Metal work and casting in particular was the other area of tremendous development. This meant that chandelier frames could take on even more stunning designs and constructions and could be finished in an increasingly impressive set of options. It also gave the producers a semi-mechanized way to replicate frames in a more consistent way. For the first time designers looked at producing frames that were entirely of metal and in fact some chandeliers had no other decorative trimmings at all. The introduction of metal frames gave glass blowers a structure to hang their glass onto, which increased arm lengths to over 110cm for more or less the first time. And it gave the new led crystal industry beautiful frames to decorate with sparkling trimmings. Amazingly all these developments and techniques remain popular to this day.

The next development, which happened around the same time, was the growth of empires. The first key example was the Habsburg Empire where one of the new Austrian designs was named at that time after the last head of the empire, Maria Theresa. The chandelier now named after her is still popular around the world and was first designed to use metal and crystal in a lovely decorative way but in a form that could be easily transported around the empire. The Maria Theresa chandelier has arms which can be detached and reattached for easy transportation.

Later on the British Empire grew to cover huge areas of the world while the Spanish and French also extended their areas of control, spreading their influence and business to many other parts of the world. As trade and wealth grew the merchants and governments took and thus introduced chandeliers around the world.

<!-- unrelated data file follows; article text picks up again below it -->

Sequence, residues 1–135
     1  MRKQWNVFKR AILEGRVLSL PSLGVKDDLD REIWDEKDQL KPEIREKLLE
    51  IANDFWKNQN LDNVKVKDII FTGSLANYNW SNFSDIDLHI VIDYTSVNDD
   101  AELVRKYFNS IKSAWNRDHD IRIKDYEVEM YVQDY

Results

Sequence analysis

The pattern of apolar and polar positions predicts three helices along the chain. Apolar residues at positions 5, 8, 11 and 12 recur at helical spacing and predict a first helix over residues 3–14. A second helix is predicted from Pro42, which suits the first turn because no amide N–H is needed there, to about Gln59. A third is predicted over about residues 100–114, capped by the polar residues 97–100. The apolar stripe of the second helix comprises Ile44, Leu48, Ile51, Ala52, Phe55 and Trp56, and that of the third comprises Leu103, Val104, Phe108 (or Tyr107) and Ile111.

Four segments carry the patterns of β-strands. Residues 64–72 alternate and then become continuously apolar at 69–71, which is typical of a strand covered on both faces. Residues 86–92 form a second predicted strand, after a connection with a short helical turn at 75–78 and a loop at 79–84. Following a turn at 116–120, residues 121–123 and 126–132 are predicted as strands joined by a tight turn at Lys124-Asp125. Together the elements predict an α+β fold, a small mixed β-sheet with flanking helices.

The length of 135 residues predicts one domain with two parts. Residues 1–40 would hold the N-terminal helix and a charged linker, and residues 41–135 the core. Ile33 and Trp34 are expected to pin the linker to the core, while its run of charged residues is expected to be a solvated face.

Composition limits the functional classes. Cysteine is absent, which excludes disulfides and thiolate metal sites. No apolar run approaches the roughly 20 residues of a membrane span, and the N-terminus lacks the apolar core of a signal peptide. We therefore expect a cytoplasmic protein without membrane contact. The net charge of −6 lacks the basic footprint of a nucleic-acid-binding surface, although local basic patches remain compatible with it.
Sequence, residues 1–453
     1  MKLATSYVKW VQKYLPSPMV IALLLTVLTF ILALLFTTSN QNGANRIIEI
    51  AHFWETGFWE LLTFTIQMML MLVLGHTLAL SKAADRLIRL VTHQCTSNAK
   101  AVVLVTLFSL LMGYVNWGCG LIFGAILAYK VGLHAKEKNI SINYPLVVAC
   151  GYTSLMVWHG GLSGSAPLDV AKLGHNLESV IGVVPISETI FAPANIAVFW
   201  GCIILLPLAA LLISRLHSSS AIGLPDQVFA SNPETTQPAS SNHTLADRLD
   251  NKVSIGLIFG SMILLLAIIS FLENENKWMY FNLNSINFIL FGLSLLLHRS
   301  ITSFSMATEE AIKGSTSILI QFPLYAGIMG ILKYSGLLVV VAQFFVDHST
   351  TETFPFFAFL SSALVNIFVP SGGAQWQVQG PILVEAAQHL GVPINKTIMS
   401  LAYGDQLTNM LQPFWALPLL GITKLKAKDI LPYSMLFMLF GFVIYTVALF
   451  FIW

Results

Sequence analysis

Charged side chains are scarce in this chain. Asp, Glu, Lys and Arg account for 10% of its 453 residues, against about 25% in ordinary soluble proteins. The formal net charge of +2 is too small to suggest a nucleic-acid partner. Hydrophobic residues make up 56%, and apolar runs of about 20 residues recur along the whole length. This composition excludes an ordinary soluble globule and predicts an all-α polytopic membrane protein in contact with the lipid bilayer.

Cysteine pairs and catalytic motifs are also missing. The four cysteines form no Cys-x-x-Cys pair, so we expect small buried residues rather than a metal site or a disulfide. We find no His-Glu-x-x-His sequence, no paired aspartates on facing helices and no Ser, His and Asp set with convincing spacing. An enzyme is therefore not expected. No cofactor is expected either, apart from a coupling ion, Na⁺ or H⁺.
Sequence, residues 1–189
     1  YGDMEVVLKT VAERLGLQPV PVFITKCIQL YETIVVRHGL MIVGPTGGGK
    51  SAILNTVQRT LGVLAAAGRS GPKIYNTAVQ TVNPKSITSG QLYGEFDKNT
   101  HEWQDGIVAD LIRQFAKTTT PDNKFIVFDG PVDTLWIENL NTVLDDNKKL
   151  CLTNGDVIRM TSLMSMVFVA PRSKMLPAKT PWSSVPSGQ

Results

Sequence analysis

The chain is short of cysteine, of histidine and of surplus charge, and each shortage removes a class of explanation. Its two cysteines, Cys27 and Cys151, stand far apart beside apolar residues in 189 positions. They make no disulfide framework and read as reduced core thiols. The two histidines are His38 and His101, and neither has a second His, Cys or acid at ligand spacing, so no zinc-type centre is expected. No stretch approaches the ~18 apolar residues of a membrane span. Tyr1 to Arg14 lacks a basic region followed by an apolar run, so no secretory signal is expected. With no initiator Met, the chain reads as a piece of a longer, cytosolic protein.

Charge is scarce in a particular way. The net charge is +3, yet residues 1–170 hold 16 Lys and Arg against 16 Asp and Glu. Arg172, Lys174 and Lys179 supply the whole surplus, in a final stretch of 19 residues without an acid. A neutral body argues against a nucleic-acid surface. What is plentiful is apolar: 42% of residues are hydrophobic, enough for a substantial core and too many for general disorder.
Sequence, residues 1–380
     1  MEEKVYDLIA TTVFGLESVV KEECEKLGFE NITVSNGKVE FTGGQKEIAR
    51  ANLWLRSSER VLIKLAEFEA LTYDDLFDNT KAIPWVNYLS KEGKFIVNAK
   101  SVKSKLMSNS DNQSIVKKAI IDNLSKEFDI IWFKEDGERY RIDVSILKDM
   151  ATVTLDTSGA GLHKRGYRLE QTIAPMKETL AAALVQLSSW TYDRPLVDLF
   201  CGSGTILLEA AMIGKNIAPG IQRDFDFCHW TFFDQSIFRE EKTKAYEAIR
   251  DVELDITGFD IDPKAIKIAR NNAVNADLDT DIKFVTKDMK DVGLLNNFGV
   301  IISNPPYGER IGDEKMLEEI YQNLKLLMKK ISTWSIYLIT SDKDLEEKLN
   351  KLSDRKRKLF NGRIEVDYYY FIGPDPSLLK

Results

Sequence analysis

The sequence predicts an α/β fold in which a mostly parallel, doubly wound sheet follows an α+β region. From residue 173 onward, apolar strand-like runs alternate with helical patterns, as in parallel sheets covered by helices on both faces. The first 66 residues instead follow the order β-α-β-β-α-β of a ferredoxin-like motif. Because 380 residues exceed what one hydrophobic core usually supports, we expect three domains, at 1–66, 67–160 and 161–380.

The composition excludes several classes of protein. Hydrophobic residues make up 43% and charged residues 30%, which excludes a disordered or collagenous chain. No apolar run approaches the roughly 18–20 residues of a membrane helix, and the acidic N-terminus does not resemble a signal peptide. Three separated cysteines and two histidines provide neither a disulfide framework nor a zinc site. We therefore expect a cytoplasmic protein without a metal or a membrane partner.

As new technologies developed chandeliers had to adapt to run on gas rather than candles so that the metal frames became more tubular and shapes became a little less elaborate. Candles were often still used in more remote locations and homes in more out of the way countryside settings or where properties were so large that only some of the main rooms would be converted to gas but the rest was left with candles.

The use of gas as a light source was relatively short lived because electricity quickly became the safest, easiest, cheapest and most convenient power to give light. In fact in many older buildings you will see chandeliers hanging from old gas pipes in the middle of decorative plasterwork (we would not recommend this but we see it regularly in older buildings). The use of electric light bulbs revolutionized the thinking about what was possible in design terms and in terms of giving light to a room. You might have thought that with one bulb giving the same light as several candles or gas flames, the multi-armed chandelier would be finished, but fortunately the opposite happened, and as wealth increased more and more people choose chandeliers for decorative and personal reasons. With the new LED light sources even more exciting chandelier designs emerge, which should mean a bright future for the chandelier.